2003 Serbian parliamentary election


Parliamentary elections were held in Serbia on 28 December 2003 to elect members of the National Assembly.[1] Serbia was one of the two federal units of Serbia and Montenegro, formerly known as the Federal Republic of Yugoslavia.

2003 Serbian parliamentary election

 2000 28 December 2003 2007 

All 250 seats in the National Assembly
126 seats needed for a majority
Turnout58.73%
Party Leader % Seats ±
SRS Tomislav Nikolić 27.62 82 +59
DSS Vojislav Koštunica 17.73 53 +8
DSGSSSDU Boris Tadić 12.58 37 -25
G17 Plus Miroljub Labus 11.46 34 New
SPONS Vuk Drašković 7.66 22 +14
SPS Ivica Dačić 7.62 22 -15
This lists parties that won seats. See the complete results below.
Results by municipalities
  SRS   DSS   DS   G17+   SPONS   SPS   ZZT   DA
Prime Minister before Prime Minister after
Zoran Živković
DS
Vojislav Koštunica
DSS

Serbia had been in a state of political crisis since the overthrow of the post-communist ruler, Slobodan Milošević, in 2001. The reformers, led by former Yugoslav President Vojislav Koštunica, have been unable to gain control of the Serbian presidency because three successive presidential elections have failed to produce the required 50% turnout. The assassination in March 2003 of reformist Prime Minister, Zoran Đinđić was a major setback.

At these elections the former reformist alliance, the Democratic Opposition of Serbia (DOS), had broken up into three parts: Koštunica's Democratic Party of Serbia, late Prime Minister Đinđić's Democratic Party and the G17 Plus group of liberal economists led by Miroljub Labus.

Opposing them were the nationalist Serbian Radical Party of Vojislav Šešelj and Milošević's Socialist Party of Serbia (descended from the former Communist Party). At the time of the election, both Šešelj and Milošević were in detention at ICTY, Milošević accused of committing war crimes, Šešelj of inspiring them.

The remaining candidate was the monarchist Serbian Renewal MovementNew Serbia (SPO–NS) coalition, led by Vuk Drašković.

Following the election the three former DOS parties (DSS, DS and G17+) fell two seats short of a parliamentary majority, holding 124 seats between them. After months of coalition talks Koštunica, Labus and Drašković's parties reach an agreement with the outside support of the Socialist Party in March 2004 which enabled Koštunica of the DSS to become prime minister.[2]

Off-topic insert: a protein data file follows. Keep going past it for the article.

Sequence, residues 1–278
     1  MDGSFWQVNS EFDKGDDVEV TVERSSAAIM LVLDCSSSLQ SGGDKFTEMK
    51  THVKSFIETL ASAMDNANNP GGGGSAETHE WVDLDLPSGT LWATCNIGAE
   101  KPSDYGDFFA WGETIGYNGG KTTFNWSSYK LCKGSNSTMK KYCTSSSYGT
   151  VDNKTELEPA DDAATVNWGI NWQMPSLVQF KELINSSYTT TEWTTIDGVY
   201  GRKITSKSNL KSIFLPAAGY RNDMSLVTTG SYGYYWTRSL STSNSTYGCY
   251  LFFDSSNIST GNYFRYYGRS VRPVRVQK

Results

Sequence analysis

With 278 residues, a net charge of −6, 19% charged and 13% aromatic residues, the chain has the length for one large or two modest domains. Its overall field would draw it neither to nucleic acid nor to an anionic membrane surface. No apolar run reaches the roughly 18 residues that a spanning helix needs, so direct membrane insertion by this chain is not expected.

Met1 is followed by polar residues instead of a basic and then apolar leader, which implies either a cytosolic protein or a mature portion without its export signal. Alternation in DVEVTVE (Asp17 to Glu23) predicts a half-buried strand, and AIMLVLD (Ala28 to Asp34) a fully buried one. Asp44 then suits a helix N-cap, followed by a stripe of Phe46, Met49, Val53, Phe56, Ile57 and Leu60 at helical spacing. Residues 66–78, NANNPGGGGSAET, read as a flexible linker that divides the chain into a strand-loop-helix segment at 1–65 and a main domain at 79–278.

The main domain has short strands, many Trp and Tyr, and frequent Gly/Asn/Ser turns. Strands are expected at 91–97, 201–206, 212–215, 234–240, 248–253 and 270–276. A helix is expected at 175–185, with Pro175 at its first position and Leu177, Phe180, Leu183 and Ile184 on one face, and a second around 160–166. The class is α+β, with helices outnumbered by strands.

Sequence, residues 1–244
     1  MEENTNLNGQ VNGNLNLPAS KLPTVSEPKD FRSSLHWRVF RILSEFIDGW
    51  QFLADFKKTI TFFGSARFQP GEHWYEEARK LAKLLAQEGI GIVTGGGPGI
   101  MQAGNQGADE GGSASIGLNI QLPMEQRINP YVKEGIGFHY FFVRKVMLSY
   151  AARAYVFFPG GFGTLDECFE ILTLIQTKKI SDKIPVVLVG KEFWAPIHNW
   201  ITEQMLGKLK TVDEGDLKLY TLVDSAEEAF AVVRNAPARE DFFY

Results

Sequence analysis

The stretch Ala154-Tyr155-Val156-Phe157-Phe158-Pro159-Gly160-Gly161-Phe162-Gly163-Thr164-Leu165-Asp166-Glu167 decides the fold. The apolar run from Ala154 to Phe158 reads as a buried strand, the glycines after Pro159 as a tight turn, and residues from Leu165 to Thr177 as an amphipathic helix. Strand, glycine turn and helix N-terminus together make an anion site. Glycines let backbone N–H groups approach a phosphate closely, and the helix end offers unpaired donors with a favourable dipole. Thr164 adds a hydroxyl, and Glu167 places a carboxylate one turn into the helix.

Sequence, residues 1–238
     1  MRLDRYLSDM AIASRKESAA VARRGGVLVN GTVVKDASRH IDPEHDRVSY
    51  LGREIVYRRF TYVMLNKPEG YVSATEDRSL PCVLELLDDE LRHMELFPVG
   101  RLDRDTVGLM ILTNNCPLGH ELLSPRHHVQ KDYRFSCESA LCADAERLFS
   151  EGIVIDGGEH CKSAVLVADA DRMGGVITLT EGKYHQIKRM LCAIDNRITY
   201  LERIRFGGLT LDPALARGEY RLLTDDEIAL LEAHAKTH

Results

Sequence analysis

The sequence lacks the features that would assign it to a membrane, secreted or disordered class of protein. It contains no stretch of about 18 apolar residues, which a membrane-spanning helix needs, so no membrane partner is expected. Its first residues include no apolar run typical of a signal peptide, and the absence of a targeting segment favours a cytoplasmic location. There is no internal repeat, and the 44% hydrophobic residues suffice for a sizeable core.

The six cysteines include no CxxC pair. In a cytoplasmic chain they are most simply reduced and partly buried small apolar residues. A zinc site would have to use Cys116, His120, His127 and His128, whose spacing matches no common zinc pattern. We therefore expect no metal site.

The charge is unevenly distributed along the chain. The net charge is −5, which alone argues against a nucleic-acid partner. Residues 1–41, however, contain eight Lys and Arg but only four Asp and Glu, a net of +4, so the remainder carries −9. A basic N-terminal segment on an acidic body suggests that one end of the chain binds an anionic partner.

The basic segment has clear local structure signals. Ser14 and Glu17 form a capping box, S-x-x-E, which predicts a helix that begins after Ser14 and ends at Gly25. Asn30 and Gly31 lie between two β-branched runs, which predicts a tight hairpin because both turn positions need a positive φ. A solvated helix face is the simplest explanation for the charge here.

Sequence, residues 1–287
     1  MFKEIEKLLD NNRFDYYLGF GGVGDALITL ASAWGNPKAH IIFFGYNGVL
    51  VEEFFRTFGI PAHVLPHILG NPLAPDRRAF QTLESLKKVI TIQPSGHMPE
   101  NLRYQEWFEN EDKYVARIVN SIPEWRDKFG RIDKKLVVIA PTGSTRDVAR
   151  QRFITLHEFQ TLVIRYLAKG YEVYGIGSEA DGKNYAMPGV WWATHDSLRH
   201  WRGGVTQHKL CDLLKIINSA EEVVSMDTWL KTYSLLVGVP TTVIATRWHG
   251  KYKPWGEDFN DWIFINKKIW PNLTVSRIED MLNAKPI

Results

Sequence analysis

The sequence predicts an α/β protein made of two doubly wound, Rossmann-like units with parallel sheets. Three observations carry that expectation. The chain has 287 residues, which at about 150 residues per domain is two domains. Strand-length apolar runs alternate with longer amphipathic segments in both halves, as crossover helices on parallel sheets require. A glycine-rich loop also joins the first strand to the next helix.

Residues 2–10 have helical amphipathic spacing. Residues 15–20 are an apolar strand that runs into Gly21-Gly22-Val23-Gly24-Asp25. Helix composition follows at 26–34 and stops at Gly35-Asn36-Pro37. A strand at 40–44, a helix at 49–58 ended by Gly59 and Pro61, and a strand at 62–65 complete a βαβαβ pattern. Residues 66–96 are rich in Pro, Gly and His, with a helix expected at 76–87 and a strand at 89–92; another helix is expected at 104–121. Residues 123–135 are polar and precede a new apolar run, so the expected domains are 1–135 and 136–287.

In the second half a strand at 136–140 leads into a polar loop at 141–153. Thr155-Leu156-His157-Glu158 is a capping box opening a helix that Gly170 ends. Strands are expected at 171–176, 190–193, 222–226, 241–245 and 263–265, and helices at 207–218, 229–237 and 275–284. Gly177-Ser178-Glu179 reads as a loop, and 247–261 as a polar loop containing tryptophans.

Results


Party Votes % Seats +/–
Serbian Radical Party1,056,25628.082+59
Democratic Party of Serbia 678,03118.053+8
Democratic Party 481,24912.737-25
G17 Plus 438,42211.634+34
Serbian Renewal MovementNew Serbia293,0827.822+14
Socialist Party of Serbia291,3417.722-15
Together for Tolerance 161,7654.30-19
Democratic Alternative84,4632.20–6
For National Unity 68,5371.80–10
Otpor!62,5451.700
Independent Serbia 45,2111.20–7
Socialist People's Party27,5960.700
Liberals of Serbia22,8520.60
Reformists – of the Social Democratic Party of Vojvodina – of Serbia19,4640.50–4
Defense and Justice
  • Social Democracy
  • People's Party Justice
  • Party of Workers and Pensioners – PWP
  • Social Democratic Party of Greens
18,4230.50–9
Business Potential of Serbia and the Diaspora14,1130.40
Labour Party of Serbia4,6660.10
Yugoslav Left3,7710.10
Alliance of Serbs of Vojvodina3,0150.10
Invalid/blank votes49,755
Total3,824,5571002500
Registered voters/turnout6,511,45058.7
Source: Nohlen & Stöver
Vote share
SRS
27.62%
DSS
17.73%
DS coalition
12.58%
G17+
11.46%
SPO-NS
7.66%
SPS
7.62%
Others
15.33%
Parliament Seats
SRS
32.80%
DSS
21.20%
DS coalition
14.80%
G17+
13.60%
SPO-NS
8.80%
SPS
8.80%

Seats

  SRS  (82)
  DSS  (53)
  DSGSSSDU  (37)
  G17 PlusSDP  (34)
  SPONS  (22)
  SPS  (22)

This election resulted in a Gallagher index of 11.96, which measures disproportionality of votes received and seats allocated to each party.

References


  1. Nohlen, D & Stöver, P (2010) Elections in Europe: A data handbook, p1715 ISBN 978-3-8329-5609-7
  2. Timeline: After Milosevic BBC News, 6 June 2006